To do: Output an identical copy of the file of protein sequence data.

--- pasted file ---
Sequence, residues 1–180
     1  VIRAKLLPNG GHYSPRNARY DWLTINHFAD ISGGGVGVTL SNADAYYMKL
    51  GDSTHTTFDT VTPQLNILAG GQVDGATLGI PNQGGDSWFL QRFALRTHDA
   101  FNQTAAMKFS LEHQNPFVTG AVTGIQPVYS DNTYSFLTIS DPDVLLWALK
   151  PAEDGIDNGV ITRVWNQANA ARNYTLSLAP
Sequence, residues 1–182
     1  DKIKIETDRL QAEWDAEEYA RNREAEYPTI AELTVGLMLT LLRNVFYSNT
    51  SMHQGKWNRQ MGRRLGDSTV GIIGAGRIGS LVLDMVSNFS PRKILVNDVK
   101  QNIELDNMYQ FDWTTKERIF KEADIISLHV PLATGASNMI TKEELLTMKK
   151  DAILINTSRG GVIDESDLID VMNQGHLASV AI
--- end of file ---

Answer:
Sequence, residues 1–180
     1  VIRAKLLPNG GHYSPRNARY DWLTINHFAD ISGGGVGVTL SNADAYYMKL
    51  GDSTHTTFDT VTPQLNILAG GQVDGATLGI PNQGGDSWFL QRFALRTHDA
   101  FNQTAAMKFS LEHQNPFVTG AVTGIQPVYS DNTYSFLTIS DPDVLLWALK
   151  PAEDGIDNGV ITRVWNQANA ARNYTLSLAP
Sequence, residues 1–182
     1  DKIKIETDRL QAEWDAEEYA RNREAEYPTI AELTVGLMLT LLRNVFYSNT
    51  SMHQGKWNRQ MGRRLGDSTV GIIGAGRIGS LVLDMVSNFS PRKILVNDVK
   101  QNIELDNMYQ FDWTTKERIF KEADIISLHV PLATGASNMI TKEELLTMKK
   151  DAILINTSRG GVIDESDLID VMNQGHLASV AI